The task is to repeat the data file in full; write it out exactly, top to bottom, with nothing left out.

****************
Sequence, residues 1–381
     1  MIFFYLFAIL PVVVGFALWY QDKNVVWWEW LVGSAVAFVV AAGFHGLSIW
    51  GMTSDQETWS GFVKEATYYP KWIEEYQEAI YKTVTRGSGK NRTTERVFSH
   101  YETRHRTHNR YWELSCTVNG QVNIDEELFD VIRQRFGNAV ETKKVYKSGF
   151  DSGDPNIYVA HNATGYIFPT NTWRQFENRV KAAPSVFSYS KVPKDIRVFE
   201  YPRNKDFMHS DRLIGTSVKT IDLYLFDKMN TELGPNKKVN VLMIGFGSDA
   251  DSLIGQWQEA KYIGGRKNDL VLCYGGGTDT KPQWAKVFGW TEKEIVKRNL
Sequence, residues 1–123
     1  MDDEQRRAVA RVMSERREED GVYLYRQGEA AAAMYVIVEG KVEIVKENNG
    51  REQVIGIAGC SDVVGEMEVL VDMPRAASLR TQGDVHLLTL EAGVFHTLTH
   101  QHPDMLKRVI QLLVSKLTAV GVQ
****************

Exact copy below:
Sequence, residues 1–381
     1  MIFFYLFAIL PVVVGFALWY QDKNVVWWEW LVGSAVAFVV AAGFHGLSIW
    51  GMTSDQETWS GFVKEATYYP KWIEEYQEAI YKTVTRGSGK NRTTERVFSH
   101  YETRHRTHNR YWELSCTVNG QVNIDEELFD VIRQRFGNAV ETKKVYKSGF
   151  DSGDPNIYVA HNATGYIFPT NTWRQFENRV KAAPSVFSYS KVPKDIRVFE
   201  YPRNKDFMHS DRLIGTSVKT IDLYLFDKMN TELGPNKKVN VLMIGFGSDA
   251  DSLIGQWQEA KYIGGRKNDL VLCYGGGTDT KPQWAKVFGW TEKEIVKRNL
Sequence, residues 1–123
     1  MDDEQRRAVA RVMSERREED GVYLYRQGEA AAAMYVIVEG KVEIVKENNG
    51  REQVIGIAGC SDVVGEMEVL VDMPRAASLR TQGDVHLLTL EAGVFHTLTH
   101  QHPDMLKRVI QLLVSKLTAV GVQ